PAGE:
Playing Hide-And-Seek With Energy Efficiency Information
Today, we begin with a quiz: Which of the following should online consumers have to do to be able to evaluate the operating costs of an appliance? Scroll to the very bottom of a long page of text, then visit other websites and do the same until they have enough data points to make their…
Today, we begin with a quiz:
Which of the following should online consumers have to do to be able to evaluate the operating costs of an appliance?
- Scroll to the very bottom of a long page of text, then visit other websites and do the same until they have enough data points to make their own comparisons.
- Click on a button labeled "Larger Photo."
- Follow a link labeled "Manual."
- Find and follow a link labeled "Take a Product Tour," and then select a tab labeled "Documents."
The answer, of course, is none of the above. Energy efficiency information is an important consideration for those who want to know the real costs of appliances before purchasing them, and consumers are legally entitled to it. But many online retailers require consumers who want it to jump through just these sorts of ridiculous hoops, as you can see here, here, here and here. (Or, click through the slideshow below to see screenshots.)
Earthjustice, today, asks the Federal Trade Commission to end this practice.
A petition we are filing on behalf of the American Council for an Energy-Efficient Economy, Consumers Union, and Public Citizen calls upon the agency to require online retailers to prominently display the yellow Energy Guide label for the appliances they sell online.
FTC rules currently require these labels—which include both an estimate of annual operating costs and a comparison to similar products—to be prominent and visible for consumers shopping in brick-and-mortar stores. But online, where space is even more abundant, retailers can simply provide links (or sometimes a series of links) leading to the label, or just bury the estimated annual operating costs somewhere on the page without giving any comparative information.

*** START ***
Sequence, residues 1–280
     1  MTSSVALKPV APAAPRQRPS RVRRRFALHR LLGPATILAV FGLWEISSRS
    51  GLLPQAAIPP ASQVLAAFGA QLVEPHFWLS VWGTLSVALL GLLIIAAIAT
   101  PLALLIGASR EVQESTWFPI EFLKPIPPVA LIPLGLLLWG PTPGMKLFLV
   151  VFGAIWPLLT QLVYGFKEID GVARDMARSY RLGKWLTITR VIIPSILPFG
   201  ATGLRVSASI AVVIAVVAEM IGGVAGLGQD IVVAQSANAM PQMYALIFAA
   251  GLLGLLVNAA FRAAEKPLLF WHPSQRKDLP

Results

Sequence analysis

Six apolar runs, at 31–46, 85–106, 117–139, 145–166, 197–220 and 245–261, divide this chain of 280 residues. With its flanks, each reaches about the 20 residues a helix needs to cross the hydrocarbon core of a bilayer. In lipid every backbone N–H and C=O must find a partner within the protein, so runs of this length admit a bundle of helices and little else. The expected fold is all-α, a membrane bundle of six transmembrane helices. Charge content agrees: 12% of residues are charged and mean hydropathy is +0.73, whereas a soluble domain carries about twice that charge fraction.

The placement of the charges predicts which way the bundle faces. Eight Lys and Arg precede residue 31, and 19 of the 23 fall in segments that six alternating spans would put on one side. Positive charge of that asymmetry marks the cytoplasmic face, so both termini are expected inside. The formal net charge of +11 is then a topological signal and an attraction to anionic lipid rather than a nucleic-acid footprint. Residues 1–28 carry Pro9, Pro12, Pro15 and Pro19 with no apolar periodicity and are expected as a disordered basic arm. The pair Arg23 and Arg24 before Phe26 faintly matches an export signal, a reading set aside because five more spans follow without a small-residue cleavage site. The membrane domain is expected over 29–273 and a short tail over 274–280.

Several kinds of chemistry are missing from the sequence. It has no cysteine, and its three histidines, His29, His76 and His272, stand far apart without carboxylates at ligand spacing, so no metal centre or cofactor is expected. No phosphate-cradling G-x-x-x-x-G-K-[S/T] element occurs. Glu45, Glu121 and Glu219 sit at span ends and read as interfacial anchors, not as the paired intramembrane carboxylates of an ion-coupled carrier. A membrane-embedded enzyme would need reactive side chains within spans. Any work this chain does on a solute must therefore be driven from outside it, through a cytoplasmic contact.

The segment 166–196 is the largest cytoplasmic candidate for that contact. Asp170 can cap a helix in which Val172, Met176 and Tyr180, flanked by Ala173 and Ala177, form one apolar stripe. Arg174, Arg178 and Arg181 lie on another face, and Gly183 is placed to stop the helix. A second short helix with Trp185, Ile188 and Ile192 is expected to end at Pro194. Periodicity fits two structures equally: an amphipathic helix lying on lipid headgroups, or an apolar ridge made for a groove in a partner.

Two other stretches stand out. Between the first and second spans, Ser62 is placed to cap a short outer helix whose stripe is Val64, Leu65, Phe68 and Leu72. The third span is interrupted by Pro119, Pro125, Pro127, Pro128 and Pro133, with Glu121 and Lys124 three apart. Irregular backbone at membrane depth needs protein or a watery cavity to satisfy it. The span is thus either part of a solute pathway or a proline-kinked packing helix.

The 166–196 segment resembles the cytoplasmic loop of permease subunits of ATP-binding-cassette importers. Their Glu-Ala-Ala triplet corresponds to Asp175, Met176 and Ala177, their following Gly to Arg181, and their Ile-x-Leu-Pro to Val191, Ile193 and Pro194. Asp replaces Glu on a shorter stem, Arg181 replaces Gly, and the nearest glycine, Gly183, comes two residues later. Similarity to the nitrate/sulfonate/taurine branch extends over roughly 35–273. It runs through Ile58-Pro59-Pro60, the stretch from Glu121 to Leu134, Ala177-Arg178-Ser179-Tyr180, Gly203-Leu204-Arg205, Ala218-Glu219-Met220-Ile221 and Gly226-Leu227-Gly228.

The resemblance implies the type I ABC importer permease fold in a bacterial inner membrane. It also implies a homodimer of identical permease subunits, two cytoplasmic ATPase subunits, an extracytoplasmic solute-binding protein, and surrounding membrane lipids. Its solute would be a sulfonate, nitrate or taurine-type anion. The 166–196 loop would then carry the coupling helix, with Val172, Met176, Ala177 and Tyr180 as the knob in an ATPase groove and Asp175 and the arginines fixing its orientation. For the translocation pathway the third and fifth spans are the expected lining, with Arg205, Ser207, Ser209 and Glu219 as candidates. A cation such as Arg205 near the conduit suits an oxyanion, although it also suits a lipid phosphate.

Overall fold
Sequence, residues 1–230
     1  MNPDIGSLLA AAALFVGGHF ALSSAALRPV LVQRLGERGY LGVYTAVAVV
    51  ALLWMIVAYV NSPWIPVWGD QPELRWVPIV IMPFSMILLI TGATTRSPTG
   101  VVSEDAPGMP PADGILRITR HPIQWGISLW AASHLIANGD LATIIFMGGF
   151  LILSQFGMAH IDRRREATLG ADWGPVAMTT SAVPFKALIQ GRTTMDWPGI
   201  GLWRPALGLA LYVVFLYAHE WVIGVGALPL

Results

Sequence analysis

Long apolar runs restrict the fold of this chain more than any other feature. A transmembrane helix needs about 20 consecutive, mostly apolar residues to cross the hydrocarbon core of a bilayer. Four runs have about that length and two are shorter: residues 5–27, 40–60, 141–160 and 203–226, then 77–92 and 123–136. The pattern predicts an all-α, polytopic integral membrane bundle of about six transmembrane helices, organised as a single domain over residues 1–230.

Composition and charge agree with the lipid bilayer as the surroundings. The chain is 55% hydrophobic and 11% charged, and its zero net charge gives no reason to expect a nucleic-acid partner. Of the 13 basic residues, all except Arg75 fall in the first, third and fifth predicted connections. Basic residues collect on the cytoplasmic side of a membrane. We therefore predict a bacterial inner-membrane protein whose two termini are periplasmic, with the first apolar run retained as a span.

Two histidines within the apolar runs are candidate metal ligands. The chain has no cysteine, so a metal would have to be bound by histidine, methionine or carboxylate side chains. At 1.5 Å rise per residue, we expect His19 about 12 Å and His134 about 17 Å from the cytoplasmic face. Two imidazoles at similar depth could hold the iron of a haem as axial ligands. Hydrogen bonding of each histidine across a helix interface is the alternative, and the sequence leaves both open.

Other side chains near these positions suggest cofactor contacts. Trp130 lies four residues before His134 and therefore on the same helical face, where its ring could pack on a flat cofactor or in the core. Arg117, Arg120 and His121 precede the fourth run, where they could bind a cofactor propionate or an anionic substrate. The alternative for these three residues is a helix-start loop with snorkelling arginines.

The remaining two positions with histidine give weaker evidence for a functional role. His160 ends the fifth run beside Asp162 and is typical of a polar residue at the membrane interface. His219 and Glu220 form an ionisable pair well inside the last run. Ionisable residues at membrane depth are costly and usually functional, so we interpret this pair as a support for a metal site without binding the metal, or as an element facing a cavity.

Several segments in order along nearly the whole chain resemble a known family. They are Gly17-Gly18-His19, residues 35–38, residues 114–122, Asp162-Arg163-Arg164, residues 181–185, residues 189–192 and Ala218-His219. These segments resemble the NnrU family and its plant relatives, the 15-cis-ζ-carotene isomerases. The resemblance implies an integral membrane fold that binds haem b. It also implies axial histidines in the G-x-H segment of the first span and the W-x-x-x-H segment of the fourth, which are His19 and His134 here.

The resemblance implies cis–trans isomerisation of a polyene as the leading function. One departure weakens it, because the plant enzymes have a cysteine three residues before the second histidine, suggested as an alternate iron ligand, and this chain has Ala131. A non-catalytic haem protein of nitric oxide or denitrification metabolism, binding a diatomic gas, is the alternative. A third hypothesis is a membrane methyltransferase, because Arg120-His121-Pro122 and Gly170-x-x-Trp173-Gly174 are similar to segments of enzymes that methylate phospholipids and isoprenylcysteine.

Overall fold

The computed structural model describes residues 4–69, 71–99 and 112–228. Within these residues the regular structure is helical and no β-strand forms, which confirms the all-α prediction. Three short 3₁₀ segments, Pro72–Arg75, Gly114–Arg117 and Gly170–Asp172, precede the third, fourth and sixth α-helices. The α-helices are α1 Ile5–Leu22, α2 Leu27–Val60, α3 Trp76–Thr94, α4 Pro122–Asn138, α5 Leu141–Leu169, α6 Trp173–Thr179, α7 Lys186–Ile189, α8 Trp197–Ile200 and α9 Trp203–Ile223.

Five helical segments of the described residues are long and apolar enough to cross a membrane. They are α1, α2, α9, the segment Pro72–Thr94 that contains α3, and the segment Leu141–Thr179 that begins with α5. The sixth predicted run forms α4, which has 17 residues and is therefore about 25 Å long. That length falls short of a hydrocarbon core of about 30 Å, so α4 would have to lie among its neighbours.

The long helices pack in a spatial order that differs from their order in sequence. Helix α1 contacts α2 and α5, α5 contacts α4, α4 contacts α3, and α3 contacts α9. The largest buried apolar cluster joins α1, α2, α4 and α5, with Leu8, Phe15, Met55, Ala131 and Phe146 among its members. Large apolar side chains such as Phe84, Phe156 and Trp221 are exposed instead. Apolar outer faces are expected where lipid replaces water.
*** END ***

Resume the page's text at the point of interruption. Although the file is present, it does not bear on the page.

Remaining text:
U.S. retailers sold more than $1 billion of appliances online last year, increasing that figure even as total appliance sales fell. As online sales continue to increase, ensuring that consumers have access to the Energy Guide label becomes more and more important.
I’ve blogged previously about how the Energy Guide label, in spite of its shortcomings, can be a convenient way to help consumers save money and energy. But the information isn’t going to help consumers if they can’t find it.
Please join us in asking FTC to require that online retailers make Energy Guide labels easy to find. Leave a comment here, or send us an e-mail, letting FTC know whether you find the examples above (or others you’ve encountered) helpful. We’ll collect your feedback and provide it to FTC.
And in the coming days, I’ll be writing about steps Earthjustice is taking to address online retailers who aren’t providing any information, and what you can do to help.
Jon Wiener was an associate attorney in the Washington, D.C. office, focusing on energy efficiency issues.
Earthjustice’s Washington, D.C., office works at the federal level to prevent air and water pollution, combat climate change, and protect natural areas. We also work with communities in the Mid-Atlantic region and elsewhere to address severe local environmental health problems, including exposures to dangerous air contaminants in toxic hot spots, sewage backups and overflows, chemical disasters, and contamination of drinking water. The D.C. office has been in operation since 1978.